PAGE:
whereby said clamping ring applies axial confining pressure on said interfitting groove and ring means and also urges said ring against an engine surface in sealing relation.
Description

This invention relates to a Mount for Carburetors and more particularly to a design for mounting a carburetor body on an engine in a manner to reduce the vibration of the carburetor body.

Most carburetors are mounted on and supported by the engine to which fuel is furnished. Since most engines, particularly small engines used for lawnmowers, snow vehicles, chain saws, are subject to rather great vibration when running, this, when transmitted to the carburetor, can cause fuel problems. The carburetor valves are influenced by the motion and the fuel may tend to foam causing loss of intended control of supply rates.

Rubber gaskets have been used previously between a carburetor and engine to serve as heat barriers (see U.S. Pat. No. 3,690,304, dated Sept. 12, 1972) but these have not served to reduce vibration materially.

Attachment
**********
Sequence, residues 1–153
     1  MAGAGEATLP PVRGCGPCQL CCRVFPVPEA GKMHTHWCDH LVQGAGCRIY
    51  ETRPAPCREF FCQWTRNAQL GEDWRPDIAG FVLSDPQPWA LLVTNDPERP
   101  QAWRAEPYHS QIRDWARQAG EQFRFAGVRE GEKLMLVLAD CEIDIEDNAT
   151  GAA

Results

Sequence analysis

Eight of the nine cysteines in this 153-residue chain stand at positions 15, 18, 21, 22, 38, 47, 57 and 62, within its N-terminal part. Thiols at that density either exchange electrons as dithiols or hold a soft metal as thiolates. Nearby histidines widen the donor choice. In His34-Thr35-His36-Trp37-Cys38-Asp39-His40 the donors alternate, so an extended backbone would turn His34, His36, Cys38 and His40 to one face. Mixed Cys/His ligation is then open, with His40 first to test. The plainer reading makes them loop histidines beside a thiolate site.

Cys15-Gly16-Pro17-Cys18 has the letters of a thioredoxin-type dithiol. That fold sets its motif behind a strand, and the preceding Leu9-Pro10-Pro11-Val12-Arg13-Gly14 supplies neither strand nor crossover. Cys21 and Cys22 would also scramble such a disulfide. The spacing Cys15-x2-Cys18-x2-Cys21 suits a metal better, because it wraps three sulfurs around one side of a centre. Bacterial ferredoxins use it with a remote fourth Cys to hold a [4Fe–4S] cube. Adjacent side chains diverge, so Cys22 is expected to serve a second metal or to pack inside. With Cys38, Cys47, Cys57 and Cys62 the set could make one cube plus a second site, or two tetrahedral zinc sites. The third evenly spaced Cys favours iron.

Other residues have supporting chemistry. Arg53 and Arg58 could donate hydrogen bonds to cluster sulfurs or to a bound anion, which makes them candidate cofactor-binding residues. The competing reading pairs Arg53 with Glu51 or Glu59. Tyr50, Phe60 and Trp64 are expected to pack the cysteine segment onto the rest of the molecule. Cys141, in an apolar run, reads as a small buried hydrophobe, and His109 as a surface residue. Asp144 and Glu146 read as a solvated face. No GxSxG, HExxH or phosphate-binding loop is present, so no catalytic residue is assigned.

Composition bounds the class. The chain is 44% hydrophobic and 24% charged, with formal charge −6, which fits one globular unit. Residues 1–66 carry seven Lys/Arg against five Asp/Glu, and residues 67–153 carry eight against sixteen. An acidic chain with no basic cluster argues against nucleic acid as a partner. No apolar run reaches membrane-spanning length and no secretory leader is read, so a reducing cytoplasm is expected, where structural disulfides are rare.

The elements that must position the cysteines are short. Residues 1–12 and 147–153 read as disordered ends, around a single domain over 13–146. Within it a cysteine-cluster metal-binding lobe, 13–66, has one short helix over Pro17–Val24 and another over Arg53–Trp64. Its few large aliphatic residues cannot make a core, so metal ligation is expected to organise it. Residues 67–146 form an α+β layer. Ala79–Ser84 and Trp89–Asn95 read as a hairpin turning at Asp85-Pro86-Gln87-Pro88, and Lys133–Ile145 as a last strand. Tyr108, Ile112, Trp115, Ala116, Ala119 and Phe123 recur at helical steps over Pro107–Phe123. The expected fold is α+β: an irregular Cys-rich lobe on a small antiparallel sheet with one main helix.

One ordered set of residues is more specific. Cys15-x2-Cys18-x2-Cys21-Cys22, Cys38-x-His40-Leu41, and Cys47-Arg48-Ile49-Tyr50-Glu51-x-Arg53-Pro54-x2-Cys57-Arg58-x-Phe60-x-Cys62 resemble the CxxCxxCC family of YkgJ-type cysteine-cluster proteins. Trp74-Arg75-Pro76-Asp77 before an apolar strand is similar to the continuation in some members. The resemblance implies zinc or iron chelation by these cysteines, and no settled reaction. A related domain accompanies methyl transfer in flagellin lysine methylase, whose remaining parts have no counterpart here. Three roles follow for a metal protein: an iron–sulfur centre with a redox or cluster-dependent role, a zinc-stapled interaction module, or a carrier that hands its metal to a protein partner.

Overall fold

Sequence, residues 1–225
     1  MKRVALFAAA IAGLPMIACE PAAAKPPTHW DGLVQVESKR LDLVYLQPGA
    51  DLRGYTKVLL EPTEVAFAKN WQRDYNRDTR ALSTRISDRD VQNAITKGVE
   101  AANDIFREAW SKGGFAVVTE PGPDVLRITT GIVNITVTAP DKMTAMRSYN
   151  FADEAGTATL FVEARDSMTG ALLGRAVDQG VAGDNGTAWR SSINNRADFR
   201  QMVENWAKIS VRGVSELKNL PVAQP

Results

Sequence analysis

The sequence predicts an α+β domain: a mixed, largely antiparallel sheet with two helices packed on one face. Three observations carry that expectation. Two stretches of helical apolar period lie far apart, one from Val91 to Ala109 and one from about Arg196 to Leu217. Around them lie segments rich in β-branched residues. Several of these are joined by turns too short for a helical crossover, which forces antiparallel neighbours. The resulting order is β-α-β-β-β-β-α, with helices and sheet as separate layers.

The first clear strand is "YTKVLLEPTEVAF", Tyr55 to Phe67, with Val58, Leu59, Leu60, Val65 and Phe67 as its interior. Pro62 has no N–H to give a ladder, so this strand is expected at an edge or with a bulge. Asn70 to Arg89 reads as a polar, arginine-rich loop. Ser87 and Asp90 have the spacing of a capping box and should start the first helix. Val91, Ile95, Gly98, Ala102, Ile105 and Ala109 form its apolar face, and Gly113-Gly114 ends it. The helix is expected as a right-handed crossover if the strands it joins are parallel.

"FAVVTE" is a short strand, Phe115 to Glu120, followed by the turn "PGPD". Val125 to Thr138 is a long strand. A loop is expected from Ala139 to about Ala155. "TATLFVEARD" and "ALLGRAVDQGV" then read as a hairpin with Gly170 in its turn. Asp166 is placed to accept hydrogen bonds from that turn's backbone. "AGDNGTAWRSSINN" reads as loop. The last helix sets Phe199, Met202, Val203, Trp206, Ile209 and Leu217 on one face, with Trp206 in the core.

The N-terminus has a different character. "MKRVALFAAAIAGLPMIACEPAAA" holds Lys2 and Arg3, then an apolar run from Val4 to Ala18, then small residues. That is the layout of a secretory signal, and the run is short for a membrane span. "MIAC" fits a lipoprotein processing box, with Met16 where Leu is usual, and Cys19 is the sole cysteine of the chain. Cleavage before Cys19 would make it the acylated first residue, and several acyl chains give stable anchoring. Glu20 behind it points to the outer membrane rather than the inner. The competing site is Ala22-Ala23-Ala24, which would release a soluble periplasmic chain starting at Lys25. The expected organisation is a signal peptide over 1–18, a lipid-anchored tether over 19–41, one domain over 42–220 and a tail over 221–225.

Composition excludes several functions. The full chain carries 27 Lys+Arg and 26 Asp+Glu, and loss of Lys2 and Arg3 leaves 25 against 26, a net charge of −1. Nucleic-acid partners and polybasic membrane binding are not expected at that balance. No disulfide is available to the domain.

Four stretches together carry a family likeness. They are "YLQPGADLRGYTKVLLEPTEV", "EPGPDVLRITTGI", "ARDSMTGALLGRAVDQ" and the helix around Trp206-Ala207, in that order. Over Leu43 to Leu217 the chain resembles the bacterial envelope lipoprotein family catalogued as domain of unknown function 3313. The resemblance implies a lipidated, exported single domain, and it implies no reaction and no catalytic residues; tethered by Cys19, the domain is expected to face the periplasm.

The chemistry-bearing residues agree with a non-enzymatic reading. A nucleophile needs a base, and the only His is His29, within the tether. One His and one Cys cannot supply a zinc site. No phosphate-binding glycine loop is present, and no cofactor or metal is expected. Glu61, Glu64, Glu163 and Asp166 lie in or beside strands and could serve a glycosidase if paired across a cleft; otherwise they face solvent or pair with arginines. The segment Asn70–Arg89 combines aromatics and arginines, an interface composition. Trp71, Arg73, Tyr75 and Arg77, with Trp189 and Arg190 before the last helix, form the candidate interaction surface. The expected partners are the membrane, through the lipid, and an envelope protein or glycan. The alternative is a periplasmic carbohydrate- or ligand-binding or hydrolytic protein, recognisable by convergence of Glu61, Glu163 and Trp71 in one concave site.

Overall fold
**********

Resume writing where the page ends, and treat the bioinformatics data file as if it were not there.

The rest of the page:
An object of the present invention is the provision of a carburetor design which lessens the transmission of vibratory motion of the engine.

A further object is the provision of a mount which reduces heat transfer from engine to carburetor and which is relatively inexpensive and easy to install.

Other objects and features of the invention relating to details of design and construction will be apparent in the following description and claims wherein there is set forth the principles of operation of the invention and the manner of using it in connection with the best mode presently contemplated for practicing the invention.